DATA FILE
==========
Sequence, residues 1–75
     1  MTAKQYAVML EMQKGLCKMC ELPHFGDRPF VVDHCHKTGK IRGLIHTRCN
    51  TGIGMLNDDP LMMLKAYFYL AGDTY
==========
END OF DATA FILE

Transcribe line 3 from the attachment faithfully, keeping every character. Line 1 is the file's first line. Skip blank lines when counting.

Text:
    51  TGIGMLNDDP LMMLKAYFYL AGDTY